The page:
By 1970, almost everyone who had worked to create “programmed instruction” during the 1950s and 1960s had moved away from the idea of teaching machines as the centerpiece of education. These tools, they had realized, were only widely effective when in the hands of master craftspeople—that is, trained teachers who understood both the limits and possibilities of their tools. For most instances of successful learning, as I have said and written again and again for almost thirty years now, the programmed-instruction psychologists had found that face-to-face interaction cannot be replaced by machines.
But no one listens.
I thought of this again while re-reading Kentaro Toyama’s excellent piece from The Chronicle of Higher Education in May. I’ve written about it before, and probably will again. It’s title says it all: “Why Technology Will Never Fix Education.” I’ve long tried to explain why this is myself, often using the following passage from a fictional novel inside Philip K. Dick’s 1963 novel The Man in the High Castle, where the United States ships an:
almost witlessly noble flood of cheap one-dollar… television kits to every village and backwater…. And when the kit had been assembled by some gaunt, feverish-minded youth in the village, starved for a chance, of that which the generous Americans held out to him, that tinny little instrument with its built-in power supply no large than a marble began to receive. And what did it receive? Crouching before the screen, the youths of the village—and often the elders as well—saw words. Instructions…. Overhead, the American artificial moon wheeled, distributing the signal, carrying it everywhere. . . to the waiting, avid masses.
Dick is parodying the nonsense idea that people naturally want what the elite imagine they want. And the idea that what “we” imagine as useful knowledge is the same as everyone imagines. And the idea that motivation to learn is inherent in everyone and that such motivation is a primary drive. That poverty doesn’t matter, only gumption does.
Although it is true that the occasional autodidact exists, most great learners also had great teachers. Socrates for Plato, Plato for Aristotle even Aristotle for Alexander. And yet American political structures continue to try to strip education of the teachers so integral to its success. All of us can point to the teachers who inspired us—listing them has become one of the great clichés of conversations about education. Yet we are in the process of reducing k-12 teaching to a post-undergraduate experience that need last no more than a couple of years after training for a month or two (Teach for America) and of reducing our college and university professoriate to part-timers and limited-term instructors without the stability necessary for great tutelage (Wisconsin, most recently). Yet, as Toyama sums it up, the “real obstacle in education remains student motivation.” All of the rest is diversion.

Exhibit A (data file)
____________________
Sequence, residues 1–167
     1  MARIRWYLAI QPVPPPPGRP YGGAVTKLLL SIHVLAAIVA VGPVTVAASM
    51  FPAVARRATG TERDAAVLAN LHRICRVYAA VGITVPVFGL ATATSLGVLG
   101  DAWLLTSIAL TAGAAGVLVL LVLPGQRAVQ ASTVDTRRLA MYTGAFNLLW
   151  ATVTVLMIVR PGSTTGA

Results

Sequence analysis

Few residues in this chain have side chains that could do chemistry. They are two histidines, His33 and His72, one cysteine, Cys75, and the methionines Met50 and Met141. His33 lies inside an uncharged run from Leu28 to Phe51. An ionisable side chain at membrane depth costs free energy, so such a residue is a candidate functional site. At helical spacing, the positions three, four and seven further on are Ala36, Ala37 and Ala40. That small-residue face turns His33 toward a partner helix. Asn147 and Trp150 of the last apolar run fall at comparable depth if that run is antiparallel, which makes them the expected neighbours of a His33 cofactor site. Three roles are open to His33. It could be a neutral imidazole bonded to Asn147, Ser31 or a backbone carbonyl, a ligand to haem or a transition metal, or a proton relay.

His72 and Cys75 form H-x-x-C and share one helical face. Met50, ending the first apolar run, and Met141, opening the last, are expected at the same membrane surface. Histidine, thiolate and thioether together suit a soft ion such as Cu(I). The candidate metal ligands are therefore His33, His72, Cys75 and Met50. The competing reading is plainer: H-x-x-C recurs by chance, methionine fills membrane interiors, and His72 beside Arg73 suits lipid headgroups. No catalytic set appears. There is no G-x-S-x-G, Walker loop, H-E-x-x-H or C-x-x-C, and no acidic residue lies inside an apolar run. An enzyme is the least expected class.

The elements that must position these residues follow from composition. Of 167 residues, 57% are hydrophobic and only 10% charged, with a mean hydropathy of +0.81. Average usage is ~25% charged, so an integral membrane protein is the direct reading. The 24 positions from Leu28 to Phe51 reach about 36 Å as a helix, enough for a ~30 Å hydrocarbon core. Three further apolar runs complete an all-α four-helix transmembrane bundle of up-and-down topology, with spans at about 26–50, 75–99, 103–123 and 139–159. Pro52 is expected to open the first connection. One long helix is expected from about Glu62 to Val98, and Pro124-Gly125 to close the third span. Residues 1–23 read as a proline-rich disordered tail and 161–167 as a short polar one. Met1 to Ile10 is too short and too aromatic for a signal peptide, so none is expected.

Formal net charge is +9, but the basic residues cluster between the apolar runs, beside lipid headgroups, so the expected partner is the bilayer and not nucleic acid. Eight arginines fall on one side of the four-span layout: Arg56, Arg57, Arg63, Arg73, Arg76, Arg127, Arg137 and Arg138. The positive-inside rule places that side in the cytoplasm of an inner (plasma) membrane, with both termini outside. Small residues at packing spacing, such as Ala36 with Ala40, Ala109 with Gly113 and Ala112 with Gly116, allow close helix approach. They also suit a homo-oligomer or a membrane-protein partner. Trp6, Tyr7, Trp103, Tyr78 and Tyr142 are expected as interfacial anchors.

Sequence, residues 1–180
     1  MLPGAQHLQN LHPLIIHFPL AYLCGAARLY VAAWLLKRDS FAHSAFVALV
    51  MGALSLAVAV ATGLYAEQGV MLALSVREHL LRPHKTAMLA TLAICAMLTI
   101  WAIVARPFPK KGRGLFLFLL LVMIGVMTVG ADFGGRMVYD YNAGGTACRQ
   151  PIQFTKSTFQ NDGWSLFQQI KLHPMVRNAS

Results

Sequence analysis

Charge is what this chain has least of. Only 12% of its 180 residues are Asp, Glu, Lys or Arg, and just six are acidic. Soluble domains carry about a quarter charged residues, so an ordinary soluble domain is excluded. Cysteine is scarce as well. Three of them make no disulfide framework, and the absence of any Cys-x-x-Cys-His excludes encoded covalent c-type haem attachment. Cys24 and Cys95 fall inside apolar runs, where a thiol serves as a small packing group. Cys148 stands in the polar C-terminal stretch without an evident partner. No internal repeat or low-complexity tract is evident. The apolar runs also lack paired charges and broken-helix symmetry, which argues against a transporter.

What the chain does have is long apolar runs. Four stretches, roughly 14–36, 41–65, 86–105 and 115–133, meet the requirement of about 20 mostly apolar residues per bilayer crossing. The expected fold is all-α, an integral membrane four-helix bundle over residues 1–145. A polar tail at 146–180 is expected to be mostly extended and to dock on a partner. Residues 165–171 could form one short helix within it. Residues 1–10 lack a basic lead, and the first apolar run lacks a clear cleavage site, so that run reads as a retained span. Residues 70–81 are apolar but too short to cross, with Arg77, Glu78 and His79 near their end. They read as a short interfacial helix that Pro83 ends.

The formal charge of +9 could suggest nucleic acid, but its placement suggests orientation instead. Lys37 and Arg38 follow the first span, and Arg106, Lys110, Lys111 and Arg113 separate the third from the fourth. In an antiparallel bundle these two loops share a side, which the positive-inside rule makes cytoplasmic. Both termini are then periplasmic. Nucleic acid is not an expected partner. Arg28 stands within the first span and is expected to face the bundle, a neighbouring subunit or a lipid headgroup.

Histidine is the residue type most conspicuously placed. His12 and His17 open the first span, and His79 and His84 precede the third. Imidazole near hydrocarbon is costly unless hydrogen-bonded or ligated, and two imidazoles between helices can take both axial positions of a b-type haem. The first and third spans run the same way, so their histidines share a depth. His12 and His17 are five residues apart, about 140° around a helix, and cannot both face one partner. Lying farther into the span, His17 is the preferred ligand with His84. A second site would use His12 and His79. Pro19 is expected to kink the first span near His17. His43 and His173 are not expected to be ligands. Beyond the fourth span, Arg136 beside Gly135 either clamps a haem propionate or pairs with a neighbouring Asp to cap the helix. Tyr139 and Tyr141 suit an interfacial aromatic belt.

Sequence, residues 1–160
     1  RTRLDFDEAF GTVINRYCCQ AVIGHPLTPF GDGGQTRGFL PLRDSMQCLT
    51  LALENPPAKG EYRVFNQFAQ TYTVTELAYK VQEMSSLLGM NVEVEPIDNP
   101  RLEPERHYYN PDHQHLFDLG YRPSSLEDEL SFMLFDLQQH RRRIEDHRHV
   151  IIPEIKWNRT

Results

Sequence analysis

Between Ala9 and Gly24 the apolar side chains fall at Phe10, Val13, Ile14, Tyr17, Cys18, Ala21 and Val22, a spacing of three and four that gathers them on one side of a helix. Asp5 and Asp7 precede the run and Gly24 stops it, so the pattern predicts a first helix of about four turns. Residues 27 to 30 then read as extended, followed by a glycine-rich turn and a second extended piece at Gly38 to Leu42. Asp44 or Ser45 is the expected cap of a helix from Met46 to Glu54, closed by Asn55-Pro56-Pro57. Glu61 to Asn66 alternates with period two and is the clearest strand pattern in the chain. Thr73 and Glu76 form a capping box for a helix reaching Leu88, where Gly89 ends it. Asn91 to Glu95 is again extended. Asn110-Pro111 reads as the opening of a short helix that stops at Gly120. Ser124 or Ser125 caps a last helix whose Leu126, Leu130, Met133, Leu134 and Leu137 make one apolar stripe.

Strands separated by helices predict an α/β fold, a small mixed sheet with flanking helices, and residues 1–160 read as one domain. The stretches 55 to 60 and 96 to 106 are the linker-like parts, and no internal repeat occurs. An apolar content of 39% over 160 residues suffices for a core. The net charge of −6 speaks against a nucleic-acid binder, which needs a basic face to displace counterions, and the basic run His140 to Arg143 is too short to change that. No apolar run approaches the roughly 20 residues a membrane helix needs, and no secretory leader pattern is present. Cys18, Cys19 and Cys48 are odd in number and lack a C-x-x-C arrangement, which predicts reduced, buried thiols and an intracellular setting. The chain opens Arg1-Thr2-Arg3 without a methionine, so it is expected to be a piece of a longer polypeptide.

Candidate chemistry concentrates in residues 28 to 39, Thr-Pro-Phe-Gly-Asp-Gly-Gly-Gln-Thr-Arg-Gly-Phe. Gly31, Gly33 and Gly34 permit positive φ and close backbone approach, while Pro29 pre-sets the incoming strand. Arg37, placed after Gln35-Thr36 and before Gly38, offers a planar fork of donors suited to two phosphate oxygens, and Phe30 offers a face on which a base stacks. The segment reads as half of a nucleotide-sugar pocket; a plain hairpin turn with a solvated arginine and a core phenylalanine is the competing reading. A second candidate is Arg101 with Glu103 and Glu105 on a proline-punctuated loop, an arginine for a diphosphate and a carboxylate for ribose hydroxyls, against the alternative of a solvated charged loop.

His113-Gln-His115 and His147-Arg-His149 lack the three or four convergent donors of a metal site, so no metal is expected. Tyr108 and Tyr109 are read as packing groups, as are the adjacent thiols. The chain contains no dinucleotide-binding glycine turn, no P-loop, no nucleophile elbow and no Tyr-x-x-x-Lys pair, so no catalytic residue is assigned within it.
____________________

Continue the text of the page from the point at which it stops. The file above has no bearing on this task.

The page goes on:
Technology alone will never provide what teachers can and do–real and directed motivation. It couldn’t do that when my father was working with teaching machines in the 1950s. Working alone with the various devices he brought home as a result of his consultancy with Field Enterprises, I was more likely to tear them apart than use them in the way meant. That was cool and fun, but it did not produce the kind of learning that Nicholas Negroponte, a generation later, imagined for his One Laptop Per Child project based on the belief in self-directed learning that Phil Dick was parodying while Negroponte was still an undergraduate. It certainly did not follow the “path” to knowledge set out by the likes of Common Core creator David Coleman.
So what is to be done? Unfortunately, there is no technological fix, and that is perhaps the hardest lesson…. More technology only magnifies socioeconomic disparities, and the only way to avoid that is nontechnological: Either resolve the underlying inequities first, or create policies that favor the less advantaged.
Ah! That’s the key, is it? We’ve been looking for technological fixes to education where only human ones will work. That is, we have to actually work, and care for others—first. We can’t fob off on technology what we are not willing to do ourselves–though that’s what we’ve been trying at least since the early sixties.
Mark Naison, a professor at Fordham, posted something on his blog With a Brooklyn Accent that sums up what focus on technology is deflecting us from:
Instead of blaming teachers and public schools for the growing wealth gap and the shrinking of the middle class, how about looking at the impact of:
The closing of factories and outsourcing of jobs
Low wages and stagnant salaries
Rising student and consumer debt
The drug war
The massive imprisonment of non violent offenders
Warehousing of abandoned properties
Racial profiling and Broken Windows Policing.
Tax relief for the very wealthy coupled with rising taxes for the middle class
He ends by asking, “Teachers are responsible for all those policy decisions and economic trends, right?”
I guess that’s what frustrates me so much, the use of assumptions about technology in order to deflect us from the real work we need to do to improve education (see above) and, at the same time, to reduce the impact of one of society’s most important professions, teaching.
Instead of fighting teachers, why not (I ask, plaintively) fight the ills of society so that teachers can actually be effective? Scott Walker, I address that question to you. Chris Christie, you, too. Andrew Cuomo, you also….
Anything else, even the bells and whistles of technology, is mere deflection from the real issues.
“Skinner teaching machine 01” by Silly rabbit – Own work. Licensed under CC BY 3.0 via Wikimedia Commons – https://commons.wikimedia.org/wiki/File:Skinner_teaching_machine_01.jpg#/media/File:Skinner_teaching_machine_01.jpg